Attention deficit hyperactivity disorder (ADHD) is a neurodevelopmental disorder occurring in children, adolescents, and adults, with an estimated prevalence of 5 to 7 per cent across cultures.  It tends to be more common in boys than girls and can impact heavily on school, work, family and social lives.

Traditionally medications used to treat ADHD include methylphenidate (aka Ritalin), amphetamine, and atomoxetine.  These typically assume that there is a dopamine/norepinephrine deficit, although the aetiology of this condition is more complex.  A new review published by Dr Emma Derbyshire in the Journal of Lipids has now considered to role of omega-3 fatty acids as an ‘adjunctive’ (supporting) treatment alongside conventional medications.  Emma recently spoke of her research in Oslo.  Here are some of her main findings:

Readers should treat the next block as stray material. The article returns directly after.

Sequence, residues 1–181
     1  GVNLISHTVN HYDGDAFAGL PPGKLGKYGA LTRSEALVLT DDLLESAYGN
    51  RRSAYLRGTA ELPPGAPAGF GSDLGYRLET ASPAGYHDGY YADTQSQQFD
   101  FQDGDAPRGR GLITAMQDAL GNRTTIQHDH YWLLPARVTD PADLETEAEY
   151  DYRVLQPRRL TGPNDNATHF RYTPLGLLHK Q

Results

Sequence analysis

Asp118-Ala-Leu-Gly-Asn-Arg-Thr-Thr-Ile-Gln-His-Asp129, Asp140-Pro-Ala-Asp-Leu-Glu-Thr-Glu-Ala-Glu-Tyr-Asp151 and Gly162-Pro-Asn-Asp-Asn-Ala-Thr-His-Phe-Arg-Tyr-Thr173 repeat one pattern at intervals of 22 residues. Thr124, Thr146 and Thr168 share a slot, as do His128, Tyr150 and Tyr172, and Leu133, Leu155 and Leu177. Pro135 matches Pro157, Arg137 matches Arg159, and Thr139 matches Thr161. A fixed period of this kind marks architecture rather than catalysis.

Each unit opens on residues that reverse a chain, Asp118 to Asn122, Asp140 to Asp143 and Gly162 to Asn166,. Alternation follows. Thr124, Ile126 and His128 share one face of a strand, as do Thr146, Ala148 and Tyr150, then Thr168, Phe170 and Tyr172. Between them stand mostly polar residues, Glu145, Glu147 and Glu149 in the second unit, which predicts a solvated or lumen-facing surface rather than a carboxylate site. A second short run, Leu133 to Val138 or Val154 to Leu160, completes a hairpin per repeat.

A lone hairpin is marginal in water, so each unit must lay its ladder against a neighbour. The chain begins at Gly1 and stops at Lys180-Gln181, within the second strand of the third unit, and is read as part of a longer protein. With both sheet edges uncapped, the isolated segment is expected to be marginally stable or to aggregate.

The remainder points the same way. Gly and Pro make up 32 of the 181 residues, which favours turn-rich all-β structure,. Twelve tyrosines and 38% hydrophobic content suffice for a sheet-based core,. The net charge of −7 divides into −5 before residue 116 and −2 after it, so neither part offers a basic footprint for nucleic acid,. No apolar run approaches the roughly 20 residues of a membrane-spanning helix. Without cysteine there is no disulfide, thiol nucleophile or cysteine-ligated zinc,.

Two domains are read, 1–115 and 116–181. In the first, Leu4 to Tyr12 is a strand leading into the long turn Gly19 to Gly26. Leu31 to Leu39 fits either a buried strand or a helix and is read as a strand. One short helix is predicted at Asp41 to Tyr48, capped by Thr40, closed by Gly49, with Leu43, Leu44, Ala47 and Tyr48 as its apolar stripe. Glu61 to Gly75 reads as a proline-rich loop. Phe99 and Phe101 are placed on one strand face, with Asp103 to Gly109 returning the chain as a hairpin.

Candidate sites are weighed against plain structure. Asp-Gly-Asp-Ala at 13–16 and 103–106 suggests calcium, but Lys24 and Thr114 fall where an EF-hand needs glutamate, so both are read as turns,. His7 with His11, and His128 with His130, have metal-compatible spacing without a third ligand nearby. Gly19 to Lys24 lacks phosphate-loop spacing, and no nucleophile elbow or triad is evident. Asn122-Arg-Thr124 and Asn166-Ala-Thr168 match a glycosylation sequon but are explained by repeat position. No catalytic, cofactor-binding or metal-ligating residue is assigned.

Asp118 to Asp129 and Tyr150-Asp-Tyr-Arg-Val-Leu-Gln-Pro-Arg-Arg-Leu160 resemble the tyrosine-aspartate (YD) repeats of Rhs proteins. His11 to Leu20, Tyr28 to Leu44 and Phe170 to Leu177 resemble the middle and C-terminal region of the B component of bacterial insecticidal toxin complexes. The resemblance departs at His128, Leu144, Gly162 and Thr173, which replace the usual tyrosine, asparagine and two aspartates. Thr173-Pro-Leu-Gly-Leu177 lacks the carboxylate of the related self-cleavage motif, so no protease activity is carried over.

• Sixteen studies were located which used omega fatty acids either as a stand-alone treatment or alongside conventional prescription drugs for the condition.
  • The results found that the majority of the studies (13) reported significant improvements in ADHD symptoms including less hyperactivity and impulsivity, better attention, visual learning and word reading, as well as improved working/short-term memory.
  • Fatty acid supplements which provided a 9:3:1 ratio of eicosapentaenoic acid, docosahexaenoic acid and gamma linolenic acid appear highly effective at improving blood levels of essential fatty acids.
  • Omega-3/6 supplementation programmes maybe a promising adjunctive therapy, lowering the dose of psychopharmacologic medications needed and improving compliance with these.

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